# How do I find the equation of a surface?

I'd like to know if there's a way to find the equation of a surface, like the one shown in this image:

In this image, there is a series of red lines plotted in $x,y$ space. Each red line is a line of equal $z$ value, such that the red lines define a surface, and that z is a function of x and y: $z = f(x, y)$ (imagine the red lines extend to infinity and do not cut off at the graph edges). Arbitrarily, suppose the red line closest to the origin is a low number, and the value of each red line (that is, the value of $z$) increases towards the "northeast". Conceptually, it would look something like this in $x, y, z$ space:

With a graph like this, how do I find an equation that describes, or even just approximates, the shape of the surface in terms of $x$ and $y$?

Edit:

This is what I've tried so far. Since all the red lines are linear, I can easily compute the slope and intercept of each. I can then compile a table of numerous $x, y$ pairs for every $z$ value. In this case, I made a table of about $n=1600$. I have some software (XLSTAT) that can do multi-variate non-linear regressions, so I plugged $z$ in as a dependent variable, and $x$ and $y$ as independent variables, to come up with a 4th order equation that approximates the shape of the surface. Is this a sound method? The result is below. I've superimposed a colored Excel plot of the surface in plan view, and a chart with the red lines that I am trying to approximate mathematically. You can see that the charts match in places but diverge in places as well:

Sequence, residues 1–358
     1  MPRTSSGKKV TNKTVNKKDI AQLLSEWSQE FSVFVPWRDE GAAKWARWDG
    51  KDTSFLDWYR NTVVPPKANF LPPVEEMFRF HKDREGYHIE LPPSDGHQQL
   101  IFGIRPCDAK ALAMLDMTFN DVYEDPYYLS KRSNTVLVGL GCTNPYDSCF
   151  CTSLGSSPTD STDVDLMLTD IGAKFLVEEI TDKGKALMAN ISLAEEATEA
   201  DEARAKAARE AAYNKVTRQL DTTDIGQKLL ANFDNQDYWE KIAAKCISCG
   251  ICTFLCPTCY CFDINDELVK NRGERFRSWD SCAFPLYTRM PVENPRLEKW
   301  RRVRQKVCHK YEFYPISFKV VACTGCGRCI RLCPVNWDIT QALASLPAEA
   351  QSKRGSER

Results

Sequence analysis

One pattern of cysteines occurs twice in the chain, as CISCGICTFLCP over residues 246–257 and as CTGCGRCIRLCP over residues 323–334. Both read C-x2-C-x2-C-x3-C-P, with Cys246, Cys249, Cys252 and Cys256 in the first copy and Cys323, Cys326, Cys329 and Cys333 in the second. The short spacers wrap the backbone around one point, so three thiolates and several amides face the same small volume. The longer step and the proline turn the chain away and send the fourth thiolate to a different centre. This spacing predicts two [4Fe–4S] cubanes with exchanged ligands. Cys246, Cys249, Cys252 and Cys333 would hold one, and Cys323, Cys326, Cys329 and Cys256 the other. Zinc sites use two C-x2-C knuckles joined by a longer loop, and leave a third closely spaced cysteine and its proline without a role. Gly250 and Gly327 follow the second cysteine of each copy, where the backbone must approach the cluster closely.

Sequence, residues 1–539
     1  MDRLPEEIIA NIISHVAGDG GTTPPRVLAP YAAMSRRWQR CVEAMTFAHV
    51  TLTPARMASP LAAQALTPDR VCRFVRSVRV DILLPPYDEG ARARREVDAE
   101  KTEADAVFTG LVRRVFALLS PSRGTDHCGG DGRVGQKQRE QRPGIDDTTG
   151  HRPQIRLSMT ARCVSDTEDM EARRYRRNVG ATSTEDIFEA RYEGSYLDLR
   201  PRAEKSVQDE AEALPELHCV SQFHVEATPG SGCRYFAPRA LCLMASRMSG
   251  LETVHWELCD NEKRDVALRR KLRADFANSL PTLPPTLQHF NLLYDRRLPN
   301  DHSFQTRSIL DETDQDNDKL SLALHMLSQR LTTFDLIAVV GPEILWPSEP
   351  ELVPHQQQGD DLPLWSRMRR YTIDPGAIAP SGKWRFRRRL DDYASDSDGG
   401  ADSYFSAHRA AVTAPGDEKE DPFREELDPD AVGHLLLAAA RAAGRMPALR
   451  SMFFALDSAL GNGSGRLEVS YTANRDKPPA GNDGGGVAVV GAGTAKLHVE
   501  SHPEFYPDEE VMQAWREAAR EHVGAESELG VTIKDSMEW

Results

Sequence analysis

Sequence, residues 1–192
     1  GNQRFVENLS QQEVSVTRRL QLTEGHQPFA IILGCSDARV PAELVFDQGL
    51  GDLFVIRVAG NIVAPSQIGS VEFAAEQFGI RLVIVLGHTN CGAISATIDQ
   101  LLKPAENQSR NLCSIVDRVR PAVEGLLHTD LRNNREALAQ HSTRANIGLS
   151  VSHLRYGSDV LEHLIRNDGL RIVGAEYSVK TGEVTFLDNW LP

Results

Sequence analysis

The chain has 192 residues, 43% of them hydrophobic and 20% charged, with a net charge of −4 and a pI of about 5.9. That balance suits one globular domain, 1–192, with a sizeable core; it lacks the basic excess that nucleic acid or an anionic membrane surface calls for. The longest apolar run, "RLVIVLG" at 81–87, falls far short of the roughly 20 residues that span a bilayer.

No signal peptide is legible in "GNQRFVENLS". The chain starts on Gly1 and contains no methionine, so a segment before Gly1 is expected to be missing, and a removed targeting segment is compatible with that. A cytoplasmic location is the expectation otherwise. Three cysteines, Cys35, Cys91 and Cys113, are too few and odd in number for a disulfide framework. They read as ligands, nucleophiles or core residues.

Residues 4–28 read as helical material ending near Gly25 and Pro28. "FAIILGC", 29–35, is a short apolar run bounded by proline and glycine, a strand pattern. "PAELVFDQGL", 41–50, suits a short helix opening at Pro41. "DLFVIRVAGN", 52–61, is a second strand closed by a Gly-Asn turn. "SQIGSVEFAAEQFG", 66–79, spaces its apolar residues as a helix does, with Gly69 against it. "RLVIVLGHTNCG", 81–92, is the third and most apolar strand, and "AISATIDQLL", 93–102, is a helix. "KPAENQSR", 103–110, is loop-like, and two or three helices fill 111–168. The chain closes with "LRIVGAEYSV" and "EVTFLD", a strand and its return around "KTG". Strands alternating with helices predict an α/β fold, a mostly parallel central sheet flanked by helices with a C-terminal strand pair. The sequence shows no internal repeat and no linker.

• If those red lines are straight lines and not parallel, they will intersect. What does that say about your assertion that $z = f(x,y)$? Commented Dec 3, 2014 at 23:31
• I suppose it means that $f(x,y)$ has non-unique solutions. Does that then mean that it isn't possible to approximate the shape of the surface with a function? What about if the surface has limits? Commented Dec 3, 2014 at 23:58